Thursday, 17 January 2013

Walk away from the Sony

Want one of these? Resist the urge..
I think Sony has taken a significant business opportunity of becoming a big player in small e-devices and has managed to turn it into a disaster.

Let me explain. I used to be a regular buyer of Sony products. I've had a Walkman, TVs, a VCR (remember those), a laptop... but I would never buy one of Sony's small electronic devices post-Walkman because they made a fundamental error of judgement. They made it 'our way or not at all.'

I have never had a Sony video camera or digital camera. Why? Because they insist on using their own memory card format that's incompatible with everyone else's. And when you come to connect the device to your computer you can't just drag and drop files, you have to use their proprietary, slow and clunky PC software to communicate with the device. The same goes for their music players. Hopelessly  crippled by the truly awful associated software you are forced to use. And as for their ebook readers... you get the picture. (It's also true that Sony's seems the least supported ebook format in terms of new book releases these days.)

But am I not being hypocritical? Don't my iPhone and iPad also use proprietary and slow software on the computer? There's a big difference though. If yours is the dominant environment (as with iTunes) or if you have software that is built in with the operating system (like iTunes or Windows Media Player on Macs and PCs respectively) it's fine to expect us to use it. But when you are only an aspiring small fry it doesn't work to try to impose your 'standard'.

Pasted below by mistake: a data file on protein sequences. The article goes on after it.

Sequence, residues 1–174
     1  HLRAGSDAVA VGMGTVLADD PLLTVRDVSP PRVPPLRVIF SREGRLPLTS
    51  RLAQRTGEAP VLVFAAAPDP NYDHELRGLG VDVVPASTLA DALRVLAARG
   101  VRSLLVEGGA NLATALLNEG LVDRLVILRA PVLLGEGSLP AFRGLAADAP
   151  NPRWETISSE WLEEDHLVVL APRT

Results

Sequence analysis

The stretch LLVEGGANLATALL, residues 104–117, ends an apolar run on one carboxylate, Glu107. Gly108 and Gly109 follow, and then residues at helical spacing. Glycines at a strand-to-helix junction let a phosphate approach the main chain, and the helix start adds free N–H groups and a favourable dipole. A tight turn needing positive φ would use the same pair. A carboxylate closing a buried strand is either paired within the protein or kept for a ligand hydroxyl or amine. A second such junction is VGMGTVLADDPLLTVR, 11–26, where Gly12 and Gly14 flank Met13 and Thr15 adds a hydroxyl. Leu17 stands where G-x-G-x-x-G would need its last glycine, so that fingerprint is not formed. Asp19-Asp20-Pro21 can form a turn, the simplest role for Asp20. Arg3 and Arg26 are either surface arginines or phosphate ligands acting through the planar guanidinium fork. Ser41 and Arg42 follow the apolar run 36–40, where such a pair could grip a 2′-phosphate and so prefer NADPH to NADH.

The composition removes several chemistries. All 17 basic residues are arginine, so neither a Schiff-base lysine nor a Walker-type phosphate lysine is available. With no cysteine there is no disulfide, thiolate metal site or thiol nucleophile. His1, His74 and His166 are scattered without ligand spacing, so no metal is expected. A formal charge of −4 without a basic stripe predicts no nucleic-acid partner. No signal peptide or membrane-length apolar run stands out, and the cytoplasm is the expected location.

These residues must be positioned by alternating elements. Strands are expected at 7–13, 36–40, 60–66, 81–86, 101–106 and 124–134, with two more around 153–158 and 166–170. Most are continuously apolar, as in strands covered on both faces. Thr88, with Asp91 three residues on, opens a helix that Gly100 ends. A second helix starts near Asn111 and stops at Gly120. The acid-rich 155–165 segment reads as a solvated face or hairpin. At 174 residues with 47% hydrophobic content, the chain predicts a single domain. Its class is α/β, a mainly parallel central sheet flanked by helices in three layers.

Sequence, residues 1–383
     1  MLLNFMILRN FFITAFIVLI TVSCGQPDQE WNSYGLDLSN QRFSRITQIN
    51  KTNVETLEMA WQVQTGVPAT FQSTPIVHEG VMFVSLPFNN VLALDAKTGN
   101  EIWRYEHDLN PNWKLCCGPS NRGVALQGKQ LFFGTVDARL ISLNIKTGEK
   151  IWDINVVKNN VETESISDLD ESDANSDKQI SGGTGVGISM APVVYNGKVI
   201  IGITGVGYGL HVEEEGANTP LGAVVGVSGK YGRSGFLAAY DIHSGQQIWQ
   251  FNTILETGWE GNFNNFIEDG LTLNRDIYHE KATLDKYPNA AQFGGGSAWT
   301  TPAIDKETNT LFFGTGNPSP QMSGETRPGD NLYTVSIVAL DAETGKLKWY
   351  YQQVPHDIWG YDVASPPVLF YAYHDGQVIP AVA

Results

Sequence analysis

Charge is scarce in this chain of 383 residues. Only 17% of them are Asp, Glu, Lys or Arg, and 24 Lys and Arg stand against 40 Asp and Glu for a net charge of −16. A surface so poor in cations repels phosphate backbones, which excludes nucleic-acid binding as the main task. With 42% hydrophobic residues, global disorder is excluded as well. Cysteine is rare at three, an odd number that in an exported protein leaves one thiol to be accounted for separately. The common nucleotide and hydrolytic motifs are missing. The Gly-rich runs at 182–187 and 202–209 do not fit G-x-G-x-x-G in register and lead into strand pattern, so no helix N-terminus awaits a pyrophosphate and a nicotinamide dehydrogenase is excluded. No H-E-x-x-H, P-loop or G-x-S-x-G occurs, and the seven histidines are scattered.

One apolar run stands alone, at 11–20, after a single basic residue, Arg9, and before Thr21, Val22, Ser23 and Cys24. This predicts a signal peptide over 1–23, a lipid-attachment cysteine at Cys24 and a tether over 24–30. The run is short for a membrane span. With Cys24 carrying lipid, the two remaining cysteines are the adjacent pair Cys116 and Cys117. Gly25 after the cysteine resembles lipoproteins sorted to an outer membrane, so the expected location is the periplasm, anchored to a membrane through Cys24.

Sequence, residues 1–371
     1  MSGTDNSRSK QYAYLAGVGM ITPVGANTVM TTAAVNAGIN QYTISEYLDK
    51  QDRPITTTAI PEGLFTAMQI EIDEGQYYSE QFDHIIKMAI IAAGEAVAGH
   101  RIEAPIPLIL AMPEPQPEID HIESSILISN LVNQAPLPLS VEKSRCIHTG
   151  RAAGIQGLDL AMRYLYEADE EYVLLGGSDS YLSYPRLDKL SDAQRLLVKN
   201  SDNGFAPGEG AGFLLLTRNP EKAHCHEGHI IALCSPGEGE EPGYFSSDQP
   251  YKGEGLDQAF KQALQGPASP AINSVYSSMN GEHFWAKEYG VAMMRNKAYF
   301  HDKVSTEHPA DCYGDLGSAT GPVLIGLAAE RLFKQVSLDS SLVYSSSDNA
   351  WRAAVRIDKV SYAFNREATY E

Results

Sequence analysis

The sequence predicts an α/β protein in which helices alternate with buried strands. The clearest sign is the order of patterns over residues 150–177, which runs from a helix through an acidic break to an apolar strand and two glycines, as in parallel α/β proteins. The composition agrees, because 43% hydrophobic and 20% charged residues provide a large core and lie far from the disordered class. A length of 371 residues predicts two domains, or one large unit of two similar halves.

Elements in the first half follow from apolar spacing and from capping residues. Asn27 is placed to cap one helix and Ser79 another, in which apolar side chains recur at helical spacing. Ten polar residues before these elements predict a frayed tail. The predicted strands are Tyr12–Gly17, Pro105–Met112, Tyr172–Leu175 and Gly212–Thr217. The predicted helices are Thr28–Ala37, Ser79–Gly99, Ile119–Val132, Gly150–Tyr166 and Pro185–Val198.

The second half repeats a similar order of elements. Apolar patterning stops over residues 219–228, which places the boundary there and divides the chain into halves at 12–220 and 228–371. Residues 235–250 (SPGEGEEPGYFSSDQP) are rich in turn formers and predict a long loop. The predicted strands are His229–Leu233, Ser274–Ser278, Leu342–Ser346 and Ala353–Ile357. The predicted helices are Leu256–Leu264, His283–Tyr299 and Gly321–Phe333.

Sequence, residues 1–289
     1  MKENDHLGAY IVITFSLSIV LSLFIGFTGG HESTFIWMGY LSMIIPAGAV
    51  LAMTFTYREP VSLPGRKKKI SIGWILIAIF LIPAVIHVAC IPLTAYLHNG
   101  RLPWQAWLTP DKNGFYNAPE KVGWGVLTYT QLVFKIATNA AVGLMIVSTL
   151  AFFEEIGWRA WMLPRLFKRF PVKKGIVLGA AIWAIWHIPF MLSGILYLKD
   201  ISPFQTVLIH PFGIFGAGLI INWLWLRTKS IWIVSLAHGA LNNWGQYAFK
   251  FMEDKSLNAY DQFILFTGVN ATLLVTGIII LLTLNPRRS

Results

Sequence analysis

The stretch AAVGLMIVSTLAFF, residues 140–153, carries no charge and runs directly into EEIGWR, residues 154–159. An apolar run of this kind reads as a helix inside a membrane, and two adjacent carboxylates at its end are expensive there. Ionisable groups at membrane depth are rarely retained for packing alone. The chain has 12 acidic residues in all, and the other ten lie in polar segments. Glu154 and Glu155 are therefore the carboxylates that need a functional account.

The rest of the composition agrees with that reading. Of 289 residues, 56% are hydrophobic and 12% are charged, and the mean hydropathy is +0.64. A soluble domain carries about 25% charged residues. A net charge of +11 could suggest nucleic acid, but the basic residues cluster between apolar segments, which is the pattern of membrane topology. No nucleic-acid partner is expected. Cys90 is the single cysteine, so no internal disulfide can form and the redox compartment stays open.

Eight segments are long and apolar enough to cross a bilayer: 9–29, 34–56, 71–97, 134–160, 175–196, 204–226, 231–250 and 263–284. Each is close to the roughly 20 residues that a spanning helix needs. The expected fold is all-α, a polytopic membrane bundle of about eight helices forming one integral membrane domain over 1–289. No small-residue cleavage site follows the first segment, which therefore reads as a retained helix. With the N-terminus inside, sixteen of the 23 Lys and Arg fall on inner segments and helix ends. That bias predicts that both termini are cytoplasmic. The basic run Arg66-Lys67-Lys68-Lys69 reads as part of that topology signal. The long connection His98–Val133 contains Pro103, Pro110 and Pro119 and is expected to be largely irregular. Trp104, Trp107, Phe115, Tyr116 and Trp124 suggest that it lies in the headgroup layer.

I think the trouble is that Sony were so used to being dominant with the Walkman that they assumed they were top dog in other parallel small electronics markets as well. At risk of mixing the animal metaphors, Sony was so used to being a big fish that it forgets that in this particular pond it is down with the minnows. And that has led to a fall.

If they haven't already, Sony should drop the proprietary formats, lose their awful software and get in with the masses before it's too late. We all know it makes sense.

But does Sony?

3 comments:

  1. iTunes is not built into my PC's operating system. It is the worst piece of software I have ever had the misfortune to use. I use it to upgrade iOS on my devices, and that's about it.

    If it were not for Dropbox, which allows me to transfer my own data between iOS device and PC without having to go near iTunes, I would ditch my iPhone and iPad.

    I refuse to buy music from Apple because the only lossless format it offers is its own proprietary one.

    I agree with you about Sony's insistence on using non-standard standards, though.

    ReplyDelete
  2. As I said in the piece, iTunes and Windows Media Player are built in to OSX and Windows respectively. I did also comment that iTunes was slow (it is quicker on a Mac, but I understand that's no consolation) - but I can assure you it is wonderful compared with Sony's music handling software.

    ReplyDelete
  3. It's not iTunes's slowness I object to (although it is undoubtedly slow); it's the absolutely dire user interface. I thought Apple were supposed to be brilliant at that sort of thing.

    I also object fundamentally to being required to use iTunes to transfer anything to/from my device. I should be able to drag and drop without firing up iTunes. But that will never happen, because Apple (et al.) are control freaks, and want me handcuffed to their content-selling store.

    Fortunately, I can at least now load podcasts onto my iPhone without having to run iTunes. I'm frankly amazed Apple allows apps developers to provide such useful, Apple-free functionality.

    I try to avoid Windows Media Player too.

    ReplyDelete